Build on Strengths Not on Deficits

Nadia Shanab | Uncategorized
17 Sep 2013

Every person, whether on the autism spectrum or not, has got a set of deficits or weaknesses: mental capacities, physical capabilities or social skills, among many more.

On the other hand, the set of strengths and talents a human being has been endowed with are endless.

Why do most people focus on what’s not working so well in a person and turn a blind eye to what’s working so well? Maybe it is taken for granted that everything and everybody should function perfectly by default! Worng assumption. Nothing should be taken for granted. Not everybody can walk, talk, hear, see, and comprehend the universal rules of the world’s order.

As a parent, when your child shows you her progress report, do you spot the low grades first or the higher grades? What do you talk and elaborate more about, the good grades or the less better ones?

Teachers praise students for their achievements and encourage any progress; they have to abide by the authorities’ guidelines! Discouraging, repressing, putting down… is against the law. They can lose their jobs.

But parents are free to decide what approach to adopt to raise their children. This is exactly what makes the difference in a child’s future.

Watch the video.


If your child loves singing, drawing, painting, playing a musical instrument… let her express herself and praise her. The more she does things she is good at, the happier she’ll be. The happier she is the more balanced and flexible she’ll be. Letting your child discover her strengths can help her turn this strength into a career. Besides, feeling good about oneself promotes self-confidence that she needs to excell, and eventually reach her full potential. I talked about many artists, who are autistic, but their parents and educators helped them reveal and polish whatever precious talents they carried all along.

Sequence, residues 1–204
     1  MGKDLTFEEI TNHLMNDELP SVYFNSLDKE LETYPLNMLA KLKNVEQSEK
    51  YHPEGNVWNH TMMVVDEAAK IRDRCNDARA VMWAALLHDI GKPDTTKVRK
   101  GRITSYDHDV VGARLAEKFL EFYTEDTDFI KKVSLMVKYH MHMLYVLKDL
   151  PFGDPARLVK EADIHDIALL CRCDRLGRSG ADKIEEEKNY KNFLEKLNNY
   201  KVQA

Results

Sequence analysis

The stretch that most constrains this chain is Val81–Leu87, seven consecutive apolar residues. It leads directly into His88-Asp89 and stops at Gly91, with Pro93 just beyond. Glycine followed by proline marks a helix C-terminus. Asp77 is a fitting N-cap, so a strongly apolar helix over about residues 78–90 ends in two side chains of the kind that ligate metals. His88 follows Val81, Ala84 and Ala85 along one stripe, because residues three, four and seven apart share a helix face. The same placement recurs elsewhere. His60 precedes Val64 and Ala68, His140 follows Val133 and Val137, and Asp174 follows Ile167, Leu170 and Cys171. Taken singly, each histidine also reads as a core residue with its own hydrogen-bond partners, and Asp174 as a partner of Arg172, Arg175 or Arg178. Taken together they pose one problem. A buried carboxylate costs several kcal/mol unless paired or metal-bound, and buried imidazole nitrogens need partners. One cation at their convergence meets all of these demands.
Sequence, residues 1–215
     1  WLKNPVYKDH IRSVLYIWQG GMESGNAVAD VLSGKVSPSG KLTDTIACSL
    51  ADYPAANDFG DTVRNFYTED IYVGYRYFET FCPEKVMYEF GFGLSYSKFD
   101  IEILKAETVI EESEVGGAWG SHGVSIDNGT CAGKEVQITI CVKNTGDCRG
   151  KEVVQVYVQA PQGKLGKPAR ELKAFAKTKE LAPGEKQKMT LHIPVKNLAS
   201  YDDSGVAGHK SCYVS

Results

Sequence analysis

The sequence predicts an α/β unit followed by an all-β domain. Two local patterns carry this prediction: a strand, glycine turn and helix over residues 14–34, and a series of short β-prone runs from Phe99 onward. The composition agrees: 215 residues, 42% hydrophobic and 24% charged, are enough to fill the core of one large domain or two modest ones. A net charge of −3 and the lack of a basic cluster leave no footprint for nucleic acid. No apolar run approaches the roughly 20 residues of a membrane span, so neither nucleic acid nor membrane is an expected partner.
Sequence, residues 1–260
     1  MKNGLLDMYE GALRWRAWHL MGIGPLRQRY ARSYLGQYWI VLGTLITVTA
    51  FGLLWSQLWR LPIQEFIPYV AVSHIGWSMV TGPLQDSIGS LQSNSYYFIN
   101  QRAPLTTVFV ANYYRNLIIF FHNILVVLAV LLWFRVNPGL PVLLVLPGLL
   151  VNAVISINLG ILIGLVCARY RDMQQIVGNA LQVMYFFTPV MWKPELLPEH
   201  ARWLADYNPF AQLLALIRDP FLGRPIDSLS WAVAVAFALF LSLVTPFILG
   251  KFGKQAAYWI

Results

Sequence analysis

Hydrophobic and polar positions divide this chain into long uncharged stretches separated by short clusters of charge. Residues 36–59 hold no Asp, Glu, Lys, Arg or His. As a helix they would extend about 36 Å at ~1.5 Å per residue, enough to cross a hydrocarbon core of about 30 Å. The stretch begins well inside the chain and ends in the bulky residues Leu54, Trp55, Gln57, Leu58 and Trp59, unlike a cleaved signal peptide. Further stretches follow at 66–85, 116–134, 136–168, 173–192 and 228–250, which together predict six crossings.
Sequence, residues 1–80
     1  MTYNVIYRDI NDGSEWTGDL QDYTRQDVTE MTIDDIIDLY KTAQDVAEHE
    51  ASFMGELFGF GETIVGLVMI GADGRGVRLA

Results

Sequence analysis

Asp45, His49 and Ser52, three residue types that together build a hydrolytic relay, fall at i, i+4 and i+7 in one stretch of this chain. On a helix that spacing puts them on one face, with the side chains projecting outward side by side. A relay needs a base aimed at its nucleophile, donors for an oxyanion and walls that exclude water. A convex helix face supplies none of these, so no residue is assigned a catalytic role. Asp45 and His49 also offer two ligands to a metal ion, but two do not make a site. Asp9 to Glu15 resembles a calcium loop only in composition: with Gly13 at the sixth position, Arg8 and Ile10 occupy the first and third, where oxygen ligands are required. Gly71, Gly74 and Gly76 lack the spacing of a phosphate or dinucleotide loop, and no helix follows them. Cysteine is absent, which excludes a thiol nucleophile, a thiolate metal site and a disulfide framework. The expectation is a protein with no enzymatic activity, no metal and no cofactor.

Sometimes parents complain that their child is interested in one or two topics only and doesn’t care about what most people are interested in. I see this problem as an opportunity to perfect and hone your child’s talent and strength. Taking the special interest to higher levels where she can compete with others will open doors for her future.


A young adult with Asperger’s syndrome managed to get a college degree with great scores, but couldn’t find a job though. His passion was to study and learn new scientific subjects. He was talented in quantum mechanics, math, and other related subjects. He wasn’t good at communication and social interaction. One day he applied on a job in a research center that was looking for somebody with his qualification. He went to the interview and got immediately hired. Now he is the happiest person ever. Eventhough he is not good with relationships and social networking, his strength overrode this weakness and got him to find his dream job.

Your child may be talented at sports, farming, raising animals, training dogs, keeping logs, etc…the possibilities are endless. By supporting a child you can only help her win.

Parents and educators, find the child’s strengths and empower her to keep nourishing her talents.

People on the autism spectrum are not weaker, they are unconventional!

Listen to what Temple Grandin says:

nadia shanab

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